Last weekend was Labor Day weekend. The the official closing of summer, or Bummer City for just about everyone, unless you live near or south of the equator.
Cue the music… “Closing Time” by Semisonic begins to play in the background. Children all over the country are crying as their parents put away their slip-n-slides and kiddie pools. Beach towels are packed in storage. All public pools were drained simultaneously Monday evening. Summer camps everywhere have fallen silent, their occupants all returned to school/college/real jobs weeks ago. The summer cabins are boarded up, their plastic covered prison mattresses are stacked neatly in storage, eagerly awaiting the opportunity to be peed on again by little Jimmy during his first week at summer camp next year, which will be at least another 7-8 months. Deep depressing sigh.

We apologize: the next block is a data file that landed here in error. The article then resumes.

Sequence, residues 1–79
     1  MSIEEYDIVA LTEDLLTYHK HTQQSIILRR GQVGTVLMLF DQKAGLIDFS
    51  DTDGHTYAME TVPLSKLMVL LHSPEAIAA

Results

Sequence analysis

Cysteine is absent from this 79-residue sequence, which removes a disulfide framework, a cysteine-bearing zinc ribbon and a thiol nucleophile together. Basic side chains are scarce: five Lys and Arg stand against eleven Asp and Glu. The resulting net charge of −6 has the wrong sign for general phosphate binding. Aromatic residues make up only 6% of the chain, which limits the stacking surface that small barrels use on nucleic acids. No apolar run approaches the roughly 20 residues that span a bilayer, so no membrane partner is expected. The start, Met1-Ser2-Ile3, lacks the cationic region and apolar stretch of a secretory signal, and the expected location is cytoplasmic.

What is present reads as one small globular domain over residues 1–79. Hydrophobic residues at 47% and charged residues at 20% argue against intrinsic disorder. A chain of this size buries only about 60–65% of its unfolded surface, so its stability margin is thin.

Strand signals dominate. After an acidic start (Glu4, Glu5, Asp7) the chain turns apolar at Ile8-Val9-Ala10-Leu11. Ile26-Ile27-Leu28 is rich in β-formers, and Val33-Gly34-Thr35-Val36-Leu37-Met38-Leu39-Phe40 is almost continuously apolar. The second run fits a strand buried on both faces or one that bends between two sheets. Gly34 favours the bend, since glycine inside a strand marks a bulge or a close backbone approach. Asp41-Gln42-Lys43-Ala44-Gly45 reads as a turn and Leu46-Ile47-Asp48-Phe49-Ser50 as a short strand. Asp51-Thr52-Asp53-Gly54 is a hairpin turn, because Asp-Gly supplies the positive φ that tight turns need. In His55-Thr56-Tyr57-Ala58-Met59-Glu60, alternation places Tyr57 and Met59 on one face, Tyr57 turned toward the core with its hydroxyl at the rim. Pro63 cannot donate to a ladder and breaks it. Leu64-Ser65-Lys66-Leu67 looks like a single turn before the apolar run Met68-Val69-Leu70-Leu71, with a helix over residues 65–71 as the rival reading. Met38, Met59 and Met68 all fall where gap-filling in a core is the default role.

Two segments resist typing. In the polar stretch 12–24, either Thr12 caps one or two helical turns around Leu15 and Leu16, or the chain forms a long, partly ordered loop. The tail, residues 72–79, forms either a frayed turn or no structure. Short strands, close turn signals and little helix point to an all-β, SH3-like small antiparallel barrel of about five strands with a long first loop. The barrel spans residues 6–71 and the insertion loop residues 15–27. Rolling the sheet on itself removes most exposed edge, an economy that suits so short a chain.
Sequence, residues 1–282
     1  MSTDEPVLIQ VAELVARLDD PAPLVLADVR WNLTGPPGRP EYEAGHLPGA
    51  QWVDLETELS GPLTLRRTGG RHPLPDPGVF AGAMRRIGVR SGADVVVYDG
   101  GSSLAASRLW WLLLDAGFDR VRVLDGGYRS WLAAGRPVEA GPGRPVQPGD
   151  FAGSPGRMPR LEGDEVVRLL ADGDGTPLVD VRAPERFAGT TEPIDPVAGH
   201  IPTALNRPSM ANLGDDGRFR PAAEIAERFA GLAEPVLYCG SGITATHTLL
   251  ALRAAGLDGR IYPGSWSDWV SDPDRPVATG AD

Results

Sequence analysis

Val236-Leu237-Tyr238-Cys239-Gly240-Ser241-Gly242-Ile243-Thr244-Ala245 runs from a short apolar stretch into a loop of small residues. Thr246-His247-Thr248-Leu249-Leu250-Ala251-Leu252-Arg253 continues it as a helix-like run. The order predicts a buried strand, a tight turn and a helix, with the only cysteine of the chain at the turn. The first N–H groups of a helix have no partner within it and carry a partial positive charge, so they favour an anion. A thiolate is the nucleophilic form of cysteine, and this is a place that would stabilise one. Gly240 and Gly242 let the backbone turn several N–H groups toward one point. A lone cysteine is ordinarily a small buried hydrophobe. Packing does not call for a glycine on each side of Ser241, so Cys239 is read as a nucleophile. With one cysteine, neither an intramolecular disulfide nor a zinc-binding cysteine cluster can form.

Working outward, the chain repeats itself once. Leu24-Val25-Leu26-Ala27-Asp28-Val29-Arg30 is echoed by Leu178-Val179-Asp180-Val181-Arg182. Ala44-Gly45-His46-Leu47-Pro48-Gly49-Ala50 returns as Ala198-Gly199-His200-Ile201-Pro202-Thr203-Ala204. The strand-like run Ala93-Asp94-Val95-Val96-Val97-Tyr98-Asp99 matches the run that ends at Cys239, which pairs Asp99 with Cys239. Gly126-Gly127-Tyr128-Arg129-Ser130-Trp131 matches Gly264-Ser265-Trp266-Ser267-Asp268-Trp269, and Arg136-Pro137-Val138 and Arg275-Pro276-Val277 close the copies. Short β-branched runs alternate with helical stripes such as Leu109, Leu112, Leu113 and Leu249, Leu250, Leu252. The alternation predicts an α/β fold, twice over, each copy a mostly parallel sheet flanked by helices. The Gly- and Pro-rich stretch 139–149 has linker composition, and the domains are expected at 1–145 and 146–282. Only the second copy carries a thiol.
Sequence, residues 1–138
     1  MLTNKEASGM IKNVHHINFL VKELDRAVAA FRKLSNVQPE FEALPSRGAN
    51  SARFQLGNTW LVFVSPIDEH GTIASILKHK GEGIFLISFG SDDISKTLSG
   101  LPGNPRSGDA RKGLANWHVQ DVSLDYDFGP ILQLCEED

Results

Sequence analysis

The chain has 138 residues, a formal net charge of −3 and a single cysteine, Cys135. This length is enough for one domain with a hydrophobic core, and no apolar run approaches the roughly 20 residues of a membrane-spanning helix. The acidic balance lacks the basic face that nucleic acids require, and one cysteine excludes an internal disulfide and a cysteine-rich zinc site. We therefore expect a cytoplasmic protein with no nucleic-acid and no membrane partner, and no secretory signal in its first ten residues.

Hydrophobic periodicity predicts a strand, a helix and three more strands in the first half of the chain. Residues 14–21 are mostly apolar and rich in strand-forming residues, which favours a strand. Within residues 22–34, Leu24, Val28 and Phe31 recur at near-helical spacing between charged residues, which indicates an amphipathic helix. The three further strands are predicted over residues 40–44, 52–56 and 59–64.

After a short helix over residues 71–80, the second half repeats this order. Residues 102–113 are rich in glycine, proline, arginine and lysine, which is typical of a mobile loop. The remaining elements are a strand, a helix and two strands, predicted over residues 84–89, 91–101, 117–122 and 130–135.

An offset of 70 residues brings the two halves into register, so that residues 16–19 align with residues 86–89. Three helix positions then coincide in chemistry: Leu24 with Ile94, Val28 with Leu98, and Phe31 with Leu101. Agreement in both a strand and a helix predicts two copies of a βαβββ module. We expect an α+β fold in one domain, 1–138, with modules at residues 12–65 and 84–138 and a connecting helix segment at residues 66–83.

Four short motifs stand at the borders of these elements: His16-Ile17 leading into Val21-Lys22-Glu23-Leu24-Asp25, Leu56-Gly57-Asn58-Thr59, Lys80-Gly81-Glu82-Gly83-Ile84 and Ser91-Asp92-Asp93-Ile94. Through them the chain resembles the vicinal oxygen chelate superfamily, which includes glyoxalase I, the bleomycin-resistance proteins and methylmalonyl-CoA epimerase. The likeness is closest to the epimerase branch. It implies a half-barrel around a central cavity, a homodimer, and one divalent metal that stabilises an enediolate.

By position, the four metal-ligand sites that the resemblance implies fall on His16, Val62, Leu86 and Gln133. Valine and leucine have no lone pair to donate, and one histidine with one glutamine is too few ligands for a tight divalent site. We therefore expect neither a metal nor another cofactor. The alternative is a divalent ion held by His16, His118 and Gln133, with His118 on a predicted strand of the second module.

I was a summer camp kid.
I loved packing up all my worldly belongings and stuffing them into my camp trunk and taking them away with me to the whole different universe that was sleep-away camp. (I still have that trunk. It still smells like camp fire!)
So the summer when I was 10, when my mom asked me if I wanted to go to summer camp, I peed my pants. I was finally going to have my own adventures like Budnick, Donkeylips, Ronnie Pinsky, Z.Z., and the rest of the gang from Salute Your Shorts!
The particular camp I went to had several different “specialty” camps. Sports camp, band camp, fishing camp, horse camp… I was an “arts camper.”